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Aerospace aggressive in adopting 3D printing tech, say panel at Photonics West

Greg Blackman reports from a panel discussion on 3D printing, which was held at SPIE Photonics West in San Francisco in February

John Murray, CEO of Concept Laser USA, has said that Europe is five years ahead of the USA in adopting additive manufacturing technology. Concept Laser has sold around 575 laser additive manufacturing systems worldwide, with 363 in Europe.

Murray made the comments at a session on 3D printing at SPIE Photonics West on 17 February in San Francisco, USA.

He said that the company’s largest customer is making medical implants, but that the aerospace sector is incredibly aggressive.

Airbus is planning to print 1 tonne of metal powder per month in 2018, according to Peter Sander, Airbus's head of emerging technologies and concepts. These will be components like brackets, which are lightweight indicating large volumes of parts are being made.

A project by Airbus, Laser Zentrum Nord and Concept Laser was shortlisted for the 2015 German Future Prize, for an additively made titanium bracket used onboard the Airbus A350 XWB.

Murray remarked during the panel discussion that 3D printing in industry has to grow up, saying that additive machines still have a lot of ‘levers’ and that industry needs systems that are less complex and have less variation. He also noted that the cost of the equipment has to come down – ‘we’re going to have to be more efficient at making the machines’, he said.

Along with Murray, the other panellists taking part in the discussion at Photonics West were John Hornick, a partner at law firm Finnegan, Henderson, Farabow, Garrett and Dunner; Jyoti Mazumder at the University of Michigan; and Rebecca Taylor, senior VP for the National Center for Manufacturing Sciences.

Taylor spoke about possible cyber security attacks on 3D printing equipment, which could slow down, disrupt, or disable manufacturing. She said that ‘most production equipment was made to be productive; it wasn’t made to be secure.’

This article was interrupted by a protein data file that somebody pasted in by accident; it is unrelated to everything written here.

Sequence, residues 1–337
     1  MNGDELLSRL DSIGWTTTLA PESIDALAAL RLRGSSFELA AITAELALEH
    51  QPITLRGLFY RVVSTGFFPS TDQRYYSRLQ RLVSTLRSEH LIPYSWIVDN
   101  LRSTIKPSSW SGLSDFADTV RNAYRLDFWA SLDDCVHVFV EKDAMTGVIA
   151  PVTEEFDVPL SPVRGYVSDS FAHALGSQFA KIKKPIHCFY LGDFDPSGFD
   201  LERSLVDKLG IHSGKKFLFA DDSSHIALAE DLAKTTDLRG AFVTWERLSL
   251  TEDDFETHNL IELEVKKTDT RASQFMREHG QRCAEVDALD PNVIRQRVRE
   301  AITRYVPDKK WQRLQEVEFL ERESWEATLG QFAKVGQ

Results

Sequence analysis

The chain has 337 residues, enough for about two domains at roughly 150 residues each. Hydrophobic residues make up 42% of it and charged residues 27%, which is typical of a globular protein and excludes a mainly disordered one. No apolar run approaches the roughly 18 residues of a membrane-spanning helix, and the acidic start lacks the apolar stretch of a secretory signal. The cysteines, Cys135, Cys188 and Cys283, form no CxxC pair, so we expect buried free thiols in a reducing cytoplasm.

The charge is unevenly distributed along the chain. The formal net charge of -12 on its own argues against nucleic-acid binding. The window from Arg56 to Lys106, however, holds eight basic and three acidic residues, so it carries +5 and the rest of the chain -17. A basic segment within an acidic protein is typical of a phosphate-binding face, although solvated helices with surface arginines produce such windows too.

Murray noted that, at the moment, additive machines in industry are completely isolated and not linked to the internet, and therefore have no influence from outside the production facilities. He added that cyber security could become a problem when moving into a smart factory environment, where production equipment is connected to the internet. It is believed the factories of the future will rely more heavily on the internet, and cyber security could become more of an issue here.

Hornick at Finnegan law firm commented that companies using additive manufacturing still need to have a strong IP portfolio. He said that 3D printing lends itself to mass customisation, but that the IP is generally for the process, which is unique to the organisation that developed it. Murray added that additive manufacturing is at the high end of engineering; it is a complex process, he said, and difficult to copy.

Hornick also remarked that strides are being made to get 3D printing into schools, which is where the next generation of engineers developing additively made products will come from. He added though that the 3D design software has to improve to increase adoption of the technology in schools.

Getting the technology into schools will be an important part of pushing the boundaries of 3D printing. It is a different manufacturing discipline to traditional methods; Murray remarked that engineers have to think differently about how they design additive parts. GE, in one of its initiatives, crowdsourced the design for a jet engine bracket and then printed out the top 10 entries to get alternative perspectives on how to design additive components. The software is just one aspect of additive processes, but an important one and one that Hornick believes is vital for learning how to get the most out of 3D printing technology.

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